Adam: Praise God! It’s encouraging to hear this. God has taken you through a complete theological renovation hasn’t He? I can only imagine the high cost you’ve experienced in turning away from what your family has taught you for so long. I’m guessing that you once rejected suffering as a lack of faith in God? If so, are you now encouraged by the numerous passages of Scripture teaching us that conflict and suffering will be a normal part of the Christian life?

Costi: Yes it’s been a total transformation of my desires, beliefs, and teachings. Only God could do such a thing. I wake up thankful every day that He graciously saved me. As far as my view on suffering in the past, it certainly was tied to Word of Faith theology. For example, if there is conflict in a person’s life the culprit could be the “spirit of strife” or they could be causing the conflict with negative confessions, negative thoughts, or lack of faith. The solution is (normally) to rebuke the devil, pray in the spirit (meaning tongues), speak positive confessions, or even sow a seed into a ministry that is seen as good soil. This couldn’t be further from the biblical view on suffering but I was honestly clueless. Since my conversion, a passage that has greatly encouraged me during conflict and temporal suffering has been Matthew 10:26-39. Jesus really is the dividing line – and serving Him faithfully is not going to lead to a cake-walk through this life. Since taking a public stand for the true gospel, I’ve been received death threats, threats of physical violence, cursed for “touching the Lord’s anointed”, been called a heretic, and more. I count it a privilege to experience barely a fraction of what better men of women have gone through long before I was saved. Ultimately, we are all standing on the shoulders of faithful generations who have stood for Christ before we did. I never intended to be divided with my family over doctrine, but I refuse to compromise the gospel or turn a blind eye when a false Christ is being preached.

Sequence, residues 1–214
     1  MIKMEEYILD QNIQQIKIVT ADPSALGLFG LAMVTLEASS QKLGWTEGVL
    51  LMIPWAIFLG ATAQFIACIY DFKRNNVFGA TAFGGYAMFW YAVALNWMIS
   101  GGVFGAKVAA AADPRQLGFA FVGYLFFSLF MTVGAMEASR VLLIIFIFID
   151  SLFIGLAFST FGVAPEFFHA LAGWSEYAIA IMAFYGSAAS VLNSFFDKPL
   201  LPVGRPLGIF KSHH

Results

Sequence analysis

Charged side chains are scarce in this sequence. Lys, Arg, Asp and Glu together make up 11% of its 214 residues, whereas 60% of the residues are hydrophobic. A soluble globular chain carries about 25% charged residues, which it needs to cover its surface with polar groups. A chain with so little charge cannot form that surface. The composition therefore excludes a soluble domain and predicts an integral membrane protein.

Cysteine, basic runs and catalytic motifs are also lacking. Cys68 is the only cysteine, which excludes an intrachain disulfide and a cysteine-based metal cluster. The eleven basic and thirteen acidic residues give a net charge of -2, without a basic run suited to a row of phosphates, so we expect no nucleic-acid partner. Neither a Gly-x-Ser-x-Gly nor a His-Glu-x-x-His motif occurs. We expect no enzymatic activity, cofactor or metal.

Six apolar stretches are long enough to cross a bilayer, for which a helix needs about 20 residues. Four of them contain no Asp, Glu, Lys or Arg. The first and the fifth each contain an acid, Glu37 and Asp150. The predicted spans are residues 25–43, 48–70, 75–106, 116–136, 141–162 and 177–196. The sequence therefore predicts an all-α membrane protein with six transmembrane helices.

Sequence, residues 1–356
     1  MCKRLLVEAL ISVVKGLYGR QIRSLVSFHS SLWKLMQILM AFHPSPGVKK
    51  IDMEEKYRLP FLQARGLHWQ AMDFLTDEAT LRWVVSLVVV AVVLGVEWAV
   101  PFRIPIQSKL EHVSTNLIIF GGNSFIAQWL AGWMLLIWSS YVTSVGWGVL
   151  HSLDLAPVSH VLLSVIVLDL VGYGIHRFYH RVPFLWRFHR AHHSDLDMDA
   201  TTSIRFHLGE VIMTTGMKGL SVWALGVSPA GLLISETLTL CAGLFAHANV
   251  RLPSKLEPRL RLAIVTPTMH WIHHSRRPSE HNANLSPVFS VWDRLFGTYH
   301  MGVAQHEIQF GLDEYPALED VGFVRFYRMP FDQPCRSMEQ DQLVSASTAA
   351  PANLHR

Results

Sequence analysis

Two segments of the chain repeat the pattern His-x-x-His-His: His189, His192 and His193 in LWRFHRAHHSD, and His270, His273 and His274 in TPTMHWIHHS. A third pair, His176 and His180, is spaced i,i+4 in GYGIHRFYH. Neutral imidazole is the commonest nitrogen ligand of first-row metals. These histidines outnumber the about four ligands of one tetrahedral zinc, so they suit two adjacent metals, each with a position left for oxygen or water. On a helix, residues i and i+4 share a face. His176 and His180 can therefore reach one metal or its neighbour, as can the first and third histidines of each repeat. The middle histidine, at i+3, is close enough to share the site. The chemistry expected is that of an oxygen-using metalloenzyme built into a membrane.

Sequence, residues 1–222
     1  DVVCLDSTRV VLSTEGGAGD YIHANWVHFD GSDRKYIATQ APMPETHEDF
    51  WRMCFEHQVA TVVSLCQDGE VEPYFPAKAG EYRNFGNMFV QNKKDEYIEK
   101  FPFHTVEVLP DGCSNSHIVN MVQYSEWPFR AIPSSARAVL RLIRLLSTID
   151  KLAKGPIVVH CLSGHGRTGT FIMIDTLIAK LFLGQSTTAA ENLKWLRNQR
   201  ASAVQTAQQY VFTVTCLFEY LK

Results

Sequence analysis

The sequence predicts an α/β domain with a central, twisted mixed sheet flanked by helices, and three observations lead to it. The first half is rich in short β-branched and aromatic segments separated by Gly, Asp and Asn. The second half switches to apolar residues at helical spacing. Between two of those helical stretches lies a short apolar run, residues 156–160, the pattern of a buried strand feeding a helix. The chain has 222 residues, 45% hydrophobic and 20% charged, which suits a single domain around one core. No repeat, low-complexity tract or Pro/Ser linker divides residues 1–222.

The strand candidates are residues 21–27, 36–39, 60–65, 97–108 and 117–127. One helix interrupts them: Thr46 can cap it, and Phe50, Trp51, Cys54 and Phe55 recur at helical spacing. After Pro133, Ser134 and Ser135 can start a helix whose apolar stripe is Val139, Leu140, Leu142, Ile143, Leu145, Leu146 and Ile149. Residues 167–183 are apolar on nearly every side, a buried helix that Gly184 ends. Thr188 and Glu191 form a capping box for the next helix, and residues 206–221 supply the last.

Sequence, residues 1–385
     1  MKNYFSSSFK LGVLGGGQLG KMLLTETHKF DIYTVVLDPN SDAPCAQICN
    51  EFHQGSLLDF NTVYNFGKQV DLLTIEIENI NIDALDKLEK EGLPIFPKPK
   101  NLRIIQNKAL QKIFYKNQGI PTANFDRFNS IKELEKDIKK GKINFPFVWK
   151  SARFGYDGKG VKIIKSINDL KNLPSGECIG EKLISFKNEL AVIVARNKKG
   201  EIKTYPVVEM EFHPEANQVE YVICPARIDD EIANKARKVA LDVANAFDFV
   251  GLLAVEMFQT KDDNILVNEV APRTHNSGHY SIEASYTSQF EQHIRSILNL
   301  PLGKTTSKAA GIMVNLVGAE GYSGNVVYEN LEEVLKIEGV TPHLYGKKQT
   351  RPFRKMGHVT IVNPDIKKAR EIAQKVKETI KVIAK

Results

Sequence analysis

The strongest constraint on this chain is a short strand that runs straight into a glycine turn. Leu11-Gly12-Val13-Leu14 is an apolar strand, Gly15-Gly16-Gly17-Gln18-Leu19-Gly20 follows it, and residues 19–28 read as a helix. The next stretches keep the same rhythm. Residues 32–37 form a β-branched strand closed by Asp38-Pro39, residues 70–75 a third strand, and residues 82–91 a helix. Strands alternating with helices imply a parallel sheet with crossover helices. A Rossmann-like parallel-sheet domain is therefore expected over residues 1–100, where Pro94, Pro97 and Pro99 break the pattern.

Adam: Amen and well said. There is a lot of deep and good stuff here to chew on. It all seems to come down to right theology and the importance of it before, in, and after seasons of suffering. Having been corrected by God theologically you have found deeper and truer wells of joy, even in the midst of difficulty. What would you say to someone who thinks theology is too controversial or too divisive and therefore avoids it trying to have a simple faith, perhaps saying, ‘I don’t do theology, I just want to love Jesus’?